North Island waterfall [Yashica T4S]

Marokopa Falls, found after getting lost on our last day in New Zealand.

Down South

Tom by the lake, with lupins [Canon AE-1]

Tom, a lake, and a bunch of lupins. The lupins were imported from England and proceeded to cover pretty much everything. If you don't like lupins, avoid the south island.

Synthetic Penguins [Yashica T4S]

Fake penguins at the Antarctic Museum in Christchurch. Much more photogenic than real penguins.

Indoor sledding [Yashica T4S]

Sledding in the Antarctic Museum's giant snow chamber. The "sled" was essentially a pizza pan with a makeshift handle slapped on. Afterwards, Laura was heard to say "this... isn't fun."

Fountain at the botanical gardens [Canon AE-1]

Fountain at the botanical gardens in Christchurch. It was much more spectacular about two seconds before I took this picture. Fire hydrant volumes of water were spewing out in all directions, sparkling lights were shining in the water, and "wee people" dressed in festive garb were dancing about in the foreground. Also, the water was full of eels. Electric eels. Electric eels with bees in their mouths.

Scottish broom covering a hillside[Canon AE-1]

A hillside covered with Scottish broom (the yellow stuff). Scottish broom, much like the lupins, was imported and proceeded to cover everything in sight. There's actually a big biological battle going on right now, as the Scottish broom and lupins fight over the same soil. Alarmingly, both the broom and the lupins have well-advanced nuclear weapons programs.

Us plus Kiwi [Yashica T4S]

The three of us and a statue of a prehistoric giant kiwi bird. Heck of a bill on that thing. Thankfully the giant kiwis are extinct, and only the miniature variety remains today. There's just something unsettling about a bird that big.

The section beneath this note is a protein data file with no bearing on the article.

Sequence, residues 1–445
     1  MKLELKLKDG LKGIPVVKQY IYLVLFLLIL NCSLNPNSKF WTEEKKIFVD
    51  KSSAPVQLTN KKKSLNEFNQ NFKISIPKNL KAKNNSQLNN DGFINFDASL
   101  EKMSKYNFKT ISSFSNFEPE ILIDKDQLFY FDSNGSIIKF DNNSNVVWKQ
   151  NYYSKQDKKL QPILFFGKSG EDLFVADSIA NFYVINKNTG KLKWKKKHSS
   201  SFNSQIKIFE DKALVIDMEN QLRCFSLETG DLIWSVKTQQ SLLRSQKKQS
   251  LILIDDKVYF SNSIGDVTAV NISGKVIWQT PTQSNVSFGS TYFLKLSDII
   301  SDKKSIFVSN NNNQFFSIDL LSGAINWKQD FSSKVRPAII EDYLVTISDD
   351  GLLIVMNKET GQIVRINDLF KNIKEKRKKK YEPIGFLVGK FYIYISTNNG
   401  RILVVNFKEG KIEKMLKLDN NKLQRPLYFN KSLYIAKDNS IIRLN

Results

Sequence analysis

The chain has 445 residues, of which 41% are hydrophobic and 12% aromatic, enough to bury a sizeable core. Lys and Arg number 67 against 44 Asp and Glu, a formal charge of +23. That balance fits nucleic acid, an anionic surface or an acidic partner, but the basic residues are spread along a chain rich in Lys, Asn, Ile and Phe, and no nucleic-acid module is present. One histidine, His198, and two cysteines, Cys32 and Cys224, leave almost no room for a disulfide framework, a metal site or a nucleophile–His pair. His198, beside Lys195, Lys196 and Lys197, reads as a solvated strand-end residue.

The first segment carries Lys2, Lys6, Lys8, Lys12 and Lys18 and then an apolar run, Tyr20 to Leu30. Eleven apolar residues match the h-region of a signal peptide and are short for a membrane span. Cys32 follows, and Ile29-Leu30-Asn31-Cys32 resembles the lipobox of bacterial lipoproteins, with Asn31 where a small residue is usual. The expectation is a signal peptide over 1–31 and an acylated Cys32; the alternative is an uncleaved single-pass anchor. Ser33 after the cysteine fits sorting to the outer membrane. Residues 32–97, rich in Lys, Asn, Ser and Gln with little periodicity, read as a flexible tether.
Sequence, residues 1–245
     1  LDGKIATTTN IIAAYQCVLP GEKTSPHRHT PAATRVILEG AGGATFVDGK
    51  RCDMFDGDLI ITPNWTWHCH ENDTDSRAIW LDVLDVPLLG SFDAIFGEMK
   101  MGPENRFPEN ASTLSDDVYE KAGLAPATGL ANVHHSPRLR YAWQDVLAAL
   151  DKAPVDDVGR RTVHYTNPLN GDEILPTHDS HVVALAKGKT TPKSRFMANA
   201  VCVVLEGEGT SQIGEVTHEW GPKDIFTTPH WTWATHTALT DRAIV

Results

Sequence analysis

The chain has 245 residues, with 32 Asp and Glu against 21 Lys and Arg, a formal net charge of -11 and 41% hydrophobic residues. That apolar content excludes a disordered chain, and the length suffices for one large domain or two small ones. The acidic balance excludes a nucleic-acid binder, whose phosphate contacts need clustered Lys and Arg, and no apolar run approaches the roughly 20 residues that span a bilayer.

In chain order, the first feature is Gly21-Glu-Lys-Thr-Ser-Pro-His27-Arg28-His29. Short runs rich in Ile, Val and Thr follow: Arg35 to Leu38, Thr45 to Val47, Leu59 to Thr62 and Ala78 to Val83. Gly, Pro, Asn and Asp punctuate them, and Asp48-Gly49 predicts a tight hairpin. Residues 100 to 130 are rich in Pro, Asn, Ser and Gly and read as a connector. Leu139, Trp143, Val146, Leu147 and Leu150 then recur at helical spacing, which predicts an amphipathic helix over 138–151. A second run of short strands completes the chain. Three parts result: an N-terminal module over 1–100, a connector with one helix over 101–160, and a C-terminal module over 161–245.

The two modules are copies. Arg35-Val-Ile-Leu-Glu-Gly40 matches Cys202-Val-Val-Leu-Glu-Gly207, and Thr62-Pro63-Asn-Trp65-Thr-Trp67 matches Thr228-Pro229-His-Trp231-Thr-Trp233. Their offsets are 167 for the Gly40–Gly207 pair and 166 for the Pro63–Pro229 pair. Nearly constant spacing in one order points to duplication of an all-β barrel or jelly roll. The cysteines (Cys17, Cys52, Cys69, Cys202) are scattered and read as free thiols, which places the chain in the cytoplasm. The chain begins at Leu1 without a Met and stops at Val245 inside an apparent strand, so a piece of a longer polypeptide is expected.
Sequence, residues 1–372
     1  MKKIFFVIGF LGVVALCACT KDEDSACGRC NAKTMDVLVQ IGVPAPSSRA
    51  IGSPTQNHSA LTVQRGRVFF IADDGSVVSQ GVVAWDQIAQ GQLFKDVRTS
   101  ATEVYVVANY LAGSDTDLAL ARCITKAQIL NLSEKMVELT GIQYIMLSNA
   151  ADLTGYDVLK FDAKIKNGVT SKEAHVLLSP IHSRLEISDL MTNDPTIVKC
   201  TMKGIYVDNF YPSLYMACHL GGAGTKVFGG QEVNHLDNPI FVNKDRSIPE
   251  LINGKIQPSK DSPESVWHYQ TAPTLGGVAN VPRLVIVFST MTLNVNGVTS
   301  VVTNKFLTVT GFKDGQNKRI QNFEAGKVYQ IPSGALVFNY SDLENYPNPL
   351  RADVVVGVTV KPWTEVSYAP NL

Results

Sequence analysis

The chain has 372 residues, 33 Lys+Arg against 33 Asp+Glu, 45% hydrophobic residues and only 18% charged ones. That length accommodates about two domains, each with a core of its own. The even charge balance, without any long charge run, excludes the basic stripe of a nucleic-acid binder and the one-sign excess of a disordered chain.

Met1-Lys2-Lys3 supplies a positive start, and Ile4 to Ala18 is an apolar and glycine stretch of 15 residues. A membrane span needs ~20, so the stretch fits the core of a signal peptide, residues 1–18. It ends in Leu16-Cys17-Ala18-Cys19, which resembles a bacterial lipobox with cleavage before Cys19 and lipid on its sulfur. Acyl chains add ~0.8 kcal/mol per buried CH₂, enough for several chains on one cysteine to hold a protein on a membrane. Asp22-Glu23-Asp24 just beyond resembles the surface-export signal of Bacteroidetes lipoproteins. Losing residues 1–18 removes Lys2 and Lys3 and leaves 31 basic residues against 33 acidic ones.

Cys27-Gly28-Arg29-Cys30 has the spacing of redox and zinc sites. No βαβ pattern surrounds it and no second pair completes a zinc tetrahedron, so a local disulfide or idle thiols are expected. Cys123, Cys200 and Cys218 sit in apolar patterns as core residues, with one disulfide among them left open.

Parasailing over Queenstown [Canon AE-1]

Unidentified people parasailing in Queenstown. Queenstown has a lot of X-treme / adventure type activities, and is home to the world famous Jet Boats. For about \$200 NZ you can jump off the side of a mountain with a parasail and an instructor, and it seems pretty popular. Jumping off the side of a mountain WITHOUT a parasail or instructor is apparently free, albeit less popular.

Gravity, my arch-nemesis

Myself, while luge racing in Queenstown. It's like an American alpine slide without the lawyers to take all the fun away. You go much faster, you can pass, and you can quite possibly break something. Note the very steep slope of the track. This photo was taken immediately after a daring and questionable passing move which put Tom into the wall for a nasty spill. "Rubbin's Lugin'," I say.

All the pretty horses [Yashica T4S]

We took a quick horse ride up Iron Mountain near lake Wanaka. About 100 yards from the top, we hitched our horses and walked to the overlook at the top, frontin' to some hikers that we had walked the whole way. Suckers.

Bunch of ice and rocks [Canon AE-1]

Glacier near Franz Josef. We stayed at the Glacier View Hotel, home of the world's worst restaurant ever.